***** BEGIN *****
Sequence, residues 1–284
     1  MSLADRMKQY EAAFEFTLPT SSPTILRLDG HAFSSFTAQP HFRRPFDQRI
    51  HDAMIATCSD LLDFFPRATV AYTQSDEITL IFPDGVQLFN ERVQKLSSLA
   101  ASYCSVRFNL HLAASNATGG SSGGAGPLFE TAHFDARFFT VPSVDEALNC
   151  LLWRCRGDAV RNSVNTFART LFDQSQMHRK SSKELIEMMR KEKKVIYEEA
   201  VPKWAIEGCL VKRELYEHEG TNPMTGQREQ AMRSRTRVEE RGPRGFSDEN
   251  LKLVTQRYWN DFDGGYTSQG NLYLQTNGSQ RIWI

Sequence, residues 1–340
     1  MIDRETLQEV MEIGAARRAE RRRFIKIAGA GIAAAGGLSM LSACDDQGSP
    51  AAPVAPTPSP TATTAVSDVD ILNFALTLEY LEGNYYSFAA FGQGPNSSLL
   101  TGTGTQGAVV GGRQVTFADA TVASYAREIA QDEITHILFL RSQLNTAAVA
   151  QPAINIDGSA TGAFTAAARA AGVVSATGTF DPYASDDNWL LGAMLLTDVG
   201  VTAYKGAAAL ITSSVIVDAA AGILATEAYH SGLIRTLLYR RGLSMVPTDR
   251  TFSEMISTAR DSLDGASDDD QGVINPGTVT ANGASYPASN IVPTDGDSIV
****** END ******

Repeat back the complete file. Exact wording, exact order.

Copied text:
Sequence, residues 1–284
     1  MSLADRMKQY EAAFEFTLPT SSPTILRLDG HAFSSFTAQP HFRRPFDQRI
    51  HDAMIATCSD LLDFFPRATV AYTQSDEITL IFPDGVQLFN ERVQKLSSLA
   101  ASYCSVRFNL HLAASNATGG SSGGAGPLFE TAHFDARFFT VPSVDEALNC
   151  LLWRCRGDAV RNSVNTFART LFDQSQMHRK SSKELIEMMR KEKKVIYEEA
   201  VPKWAIEGCL VKRELYEHEG TNPMTGQREQ AMRSRTRVEE RGPRGFSDEN
   251  LKLVTQRYWN DFDGGYTSQG NLYLQTNGSQ RIWI

Sequence, residues 1–340
     1  MIDRETLQEV MEIGAARRAE RRRFIKIAGA GIAAAGGLSM LSACDDQGSP
    51  AAPVAPTPSP TATTAVSDVD ILNFALTLEY LEGNYYSFAA FGQGPNSSLL
   101  TGTGTQGAVV GGRQVTFADA TVASYAREIA QDEITHILFL RSQLNTAAVA
   151  QPAINIDGSA TGAFTAAARA AGVVSATGTF DPYASDDNWL LGAMLLTDVG
   201  VTAYKGAAAL ITSSVIVDAA AGILATEAYH SGLIRTLLYR RGLSMVPTDR
   251  TFSEMISTAR DSLDGASDDD QGVINPGTVT ANGASYPASN IVPTDGDSIV